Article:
Legend’s death relights chewing tobacco debate


Ewen Roberts

Gwynn’s exhibit at the National Baseball Hall of Fame and Museum.

By Angela Cooper-McCorkle, National University

Nolan Jirsa is eight years old. He doesn’t know that Tony Gwynn is dead at 54, or anything about the salivary gland cancer that killed the San Diego Padres icon.

What Nolan knows is baseball as it should be: played fair, for fun, surrounded by happy fans. Nolan plays for the Warriors, part of the North Everett Little League in Everett, Wash. He likes big hits and playing catch with the coach, his dad William Jirsa.

Jirsa, who named his son after one of the game’s greats, coaches the Warriors so his son has a chance at the most American of pastimes. He teaches Nolan and nine other boys and girls the basics: fielding, hitting, and not catching the ball with their faces or other sensitive areas.

And now, he’s teaching Nolan another lesson: not to use tobacco.

Chewing tobacco may seem like a relic of decades past, hardly more than a catchy refrain on last year’s Blake Shelton hit, “Boys ’Round Here.” But it was only two years ago that Major League Baseball, prohibited players from chewing in sight of fans. Even in the minor leagues where the product is prohibited altogether, the habit persists among many players, including teens.

“There have been many campaigns on the issue over the years and it seems you don’t see nearly the amount of pro players chewing,” says Bob Harns, president of North Everett Little League and grandparent of two players.
But Harns adds that all four of the league’s umpires do use chewing tobacco.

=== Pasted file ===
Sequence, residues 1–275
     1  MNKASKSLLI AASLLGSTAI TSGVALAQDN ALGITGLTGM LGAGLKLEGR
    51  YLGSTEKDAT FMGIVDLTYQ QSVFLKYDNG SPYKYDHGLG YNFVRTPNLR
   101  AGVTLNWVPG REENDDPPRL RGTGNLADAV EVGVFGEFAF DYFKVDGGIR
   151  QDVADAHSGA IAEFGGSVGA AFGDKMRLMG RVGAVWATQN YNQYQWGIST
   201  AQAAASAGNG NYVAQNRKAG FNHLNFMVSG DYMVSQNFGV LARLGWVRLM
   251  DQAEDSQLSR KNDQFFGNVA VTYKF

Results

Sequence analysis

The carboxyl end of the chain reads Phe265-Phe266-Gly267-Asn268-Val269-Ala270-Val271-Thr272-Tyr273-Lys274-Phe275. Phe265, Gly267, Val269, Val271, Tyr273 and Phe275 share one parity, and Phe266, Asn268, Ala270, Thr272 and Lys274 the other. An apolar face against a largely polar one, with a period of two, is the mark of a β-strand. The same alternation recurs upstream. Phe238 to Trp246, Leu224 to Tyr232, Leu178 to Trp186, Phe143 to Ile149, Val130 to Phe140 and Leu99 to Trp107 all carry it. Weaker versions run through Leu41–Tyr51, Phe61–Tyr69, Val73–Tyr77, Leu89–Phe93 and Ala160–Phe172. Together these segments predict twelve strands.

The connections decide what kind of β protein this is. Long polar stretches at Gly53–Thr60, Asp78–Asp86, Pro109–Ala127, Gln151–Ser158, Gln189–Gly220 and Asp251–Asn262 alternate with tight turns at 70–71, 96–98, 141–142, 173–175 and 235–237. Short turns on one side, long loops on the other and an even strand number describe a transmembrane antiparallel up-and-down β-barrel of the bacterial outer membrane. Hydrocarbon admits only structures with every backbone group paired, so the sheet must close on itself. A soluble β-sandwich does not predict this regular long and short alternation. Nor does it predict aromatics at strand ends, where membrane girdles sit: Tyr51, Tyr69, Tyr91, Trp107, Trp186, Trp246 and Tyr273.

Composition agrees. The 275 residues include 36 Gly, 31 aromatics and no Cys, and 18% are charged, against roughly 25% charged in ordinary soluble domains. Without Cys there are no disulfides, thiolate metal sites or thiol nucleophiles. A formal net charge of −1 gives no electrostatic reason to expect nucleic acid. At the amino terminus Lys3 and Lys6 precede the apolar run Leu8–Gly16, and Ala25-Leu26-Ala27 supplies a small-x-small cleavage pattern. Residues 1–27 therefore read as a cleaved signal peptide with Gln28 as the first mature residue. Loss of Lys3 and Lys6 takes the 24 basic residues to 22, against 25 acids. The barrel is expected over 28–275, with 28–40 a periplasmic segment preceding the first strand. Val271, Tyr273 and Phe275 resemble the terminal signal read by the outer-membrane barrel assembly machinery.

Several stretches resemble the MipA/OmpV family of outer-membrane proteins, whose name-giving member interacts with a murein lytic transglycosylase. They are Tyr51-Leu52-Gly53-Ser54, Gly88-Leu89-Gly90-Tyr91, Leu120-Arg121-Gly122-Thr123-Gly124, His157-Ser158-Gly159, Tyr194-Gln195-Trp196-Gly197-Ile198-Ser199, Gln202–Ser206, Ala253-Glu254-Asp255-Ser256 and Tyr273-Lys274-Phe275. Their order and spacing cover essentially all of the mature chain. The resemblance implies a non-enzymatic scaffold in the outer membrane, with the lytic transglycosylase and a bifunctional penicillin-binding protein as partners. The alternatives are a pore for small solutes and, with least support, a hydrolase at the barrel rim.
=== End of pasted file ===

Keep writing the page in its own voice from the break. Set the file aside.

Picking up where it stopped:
Annual sales of smokeless tobacco exceed $2.5 billion, and smokeless tobacco marketers spend more than $450 million a year promoting the product. The advertising seems successful. Use was up more than five percent last year.

Easy access and bans on public smoking also encourage smokeless tobacco sales. Costco sells 44 varieties online. Ubiquitous in corner stores, a wide variety of cans and pouches are stocked so that anyone taller than the counter— including children like Nolan— can easily see the colorful packages.

The trend is expensive. Tobacco use costs America more than $289 billion annually in healthcare and missed work. And chewing tobacco causes oral cancer, esophageal cancer and pancreatic cancer. Despite the risks, nine million Americans use the products, including 11 percent of male high school students, according to the Centers for Disease Control.

“I would like to see MLB move forward with trying to restrict tobacco use on TV. I don’t know if the players union would agree with fining players for tobacco on the field, but something needs to happen,” Jirsa says.

In the meantime, Jirsa just hopes Nolan will not be among the one in 10 boys who picks up the habit before getting through high school.